Apr
19

This Week’s Art Inspiration: Water

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Here’s this week’s Art Inspiration Hit List–a few links to wonderful artwork from around the interweb to get you thinking, dreaming, and creating.

This week’s theme is Water.

These artists use water to explore time, space, and the relationship between human beings and our natural environment.

I hope they inspire you to carry your own ideas forward into your own unique new territory.

Have you ever considered making “experiential” art like this? Which of these artists speaks to you?

Take a look and let me know what you think in the comments!


Water Drop Perfection by Markus Reugels

German photographer Markus Reugels uses high speed photography to capture water droplets–frozen in time and space like that, they take on a weirdly concrete, sculptural feeling. Very cool.

Perfection of Water Drops by Markus Reugels


“Osaka Station fountain displays time, art in water”

What I like about this project is that the flowing water functions as such a beautiful metaphor for time while the piece serves as a literal “digital” clock in a public space. As the feeling of the water rushing through the numbers makes you more aware of them as abstractions as well, the fountain becomes this very layered symbol about that slippery notion/experience/fact we call “time.” So interesting.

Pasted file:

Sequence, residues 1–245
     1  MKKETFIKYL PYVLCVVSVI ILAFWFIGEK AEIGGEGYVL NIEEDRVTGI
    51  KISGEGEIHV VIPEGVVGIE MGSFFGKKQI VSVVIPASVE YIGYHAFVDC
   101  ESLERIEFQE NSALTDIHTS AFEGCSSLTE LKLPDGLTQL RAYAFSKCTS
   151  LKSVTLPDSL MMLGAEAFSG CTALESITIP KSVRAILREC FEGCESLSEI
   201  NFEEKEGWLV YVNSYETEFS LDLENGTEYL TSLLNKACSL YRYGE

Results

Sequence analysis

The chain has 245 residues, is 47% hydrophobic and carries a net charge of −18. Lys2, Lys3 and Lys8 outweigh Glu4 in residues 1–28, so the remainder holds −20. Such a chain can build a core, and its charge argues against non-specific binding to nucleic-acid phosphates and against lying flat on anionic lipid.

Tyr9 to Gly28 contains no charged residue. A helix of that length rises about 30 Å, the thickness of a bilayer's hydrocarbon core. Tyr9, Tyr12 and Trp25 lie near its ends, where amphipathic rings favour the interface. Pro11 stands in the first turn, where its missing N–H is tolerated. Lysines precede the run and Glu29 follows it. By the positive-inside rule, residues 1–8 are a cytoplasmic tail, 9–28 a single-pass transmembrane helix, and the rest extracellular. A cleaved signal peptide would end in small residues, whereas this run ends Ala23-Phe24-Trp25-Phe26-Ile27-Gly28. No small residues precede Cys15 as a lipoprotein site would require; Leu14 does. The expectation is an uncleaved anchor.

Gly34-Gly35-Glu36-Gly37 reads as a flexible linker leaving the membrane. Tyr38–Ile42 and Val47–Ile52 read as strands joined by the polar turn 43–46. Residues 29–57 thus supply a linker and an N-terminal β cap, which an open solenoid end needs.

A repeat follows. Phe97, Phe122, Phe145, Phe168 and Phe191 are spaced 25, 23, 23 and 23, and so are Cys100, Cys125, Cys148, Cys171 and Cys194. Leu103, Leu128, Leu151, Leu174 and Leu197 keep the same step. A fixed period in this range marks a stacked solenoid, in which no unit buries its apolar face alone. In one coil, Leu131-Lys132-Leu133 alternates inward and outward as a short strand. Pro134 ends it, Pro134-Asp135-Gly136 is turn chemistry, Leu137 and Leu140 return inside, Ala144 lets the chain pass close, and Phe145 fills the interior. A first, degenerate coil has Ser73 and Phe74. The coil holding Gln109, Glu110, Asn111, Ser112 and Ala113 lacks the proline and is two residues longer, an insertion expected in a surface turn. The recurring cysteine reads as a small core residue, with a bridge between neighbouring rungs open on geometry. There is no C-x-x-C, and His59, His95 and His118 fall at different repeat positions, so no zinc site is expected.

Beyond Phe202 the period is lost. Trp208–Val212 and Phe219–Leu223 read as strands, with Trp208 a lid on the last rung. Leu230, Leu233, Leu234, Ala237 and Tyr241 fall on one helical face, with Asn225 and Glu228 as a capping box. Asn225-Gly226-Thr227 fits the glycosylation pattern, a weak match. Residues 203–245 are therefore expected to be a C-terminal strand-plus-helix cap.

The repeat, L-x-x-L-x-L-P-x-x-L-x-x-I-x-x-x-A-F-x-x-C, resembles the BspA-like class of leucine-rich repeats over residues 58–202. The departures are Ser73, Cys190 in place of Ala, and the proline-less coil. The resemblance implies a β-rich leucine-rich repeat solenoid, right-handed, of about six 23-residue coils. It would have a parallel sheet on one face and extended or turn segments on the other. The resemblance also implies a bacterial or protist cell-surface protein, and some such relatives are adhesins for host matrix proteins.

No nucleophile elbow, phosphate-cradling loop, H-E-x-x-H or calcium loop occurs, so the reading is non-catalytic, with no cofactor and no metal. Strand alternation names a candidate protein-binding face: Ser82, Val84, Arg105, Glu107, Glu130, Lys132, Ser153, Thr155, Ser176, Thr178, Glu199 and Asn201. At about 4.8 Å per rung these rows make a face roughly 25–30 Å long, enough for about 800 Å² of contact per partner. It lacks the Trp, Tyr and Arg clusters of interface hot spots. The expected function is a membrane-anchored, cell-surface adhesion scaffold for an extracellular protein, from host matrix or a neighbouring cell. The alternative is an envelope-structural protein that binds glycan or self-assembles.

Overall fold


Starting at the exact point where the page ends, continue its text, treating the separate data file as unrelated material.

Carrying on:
Osaka Station fountain displays time, art in water


Rain Room: Installation Art at Barbican’s Curve Gallery in London

This interactive exhibit in London is so interesting because it plays with our modern notions of our control over our lives and the world around us. As you walk around the exhibit of falling water, the rain “stops” wherever you move…fun, thought-provoking, and tactile–I’d love to experience this first-hand. Click on the image below to watch the video.

Rain Room: Exhibition gives visitors power to control the rain


“Neon Luminance: Landscapes lit up by glow sticks, road flares, headlamps, and moonlight”

Photography duo Sean Lenz and Kristoffer Abildgaard used slow shutter speeds to capture the path their glow sticks traveled down waterfalls–take a look:

Long Exposure Neon Waterfalls by  Sean Lenz and Kristoffer Abildgaard of From the Lenz

 

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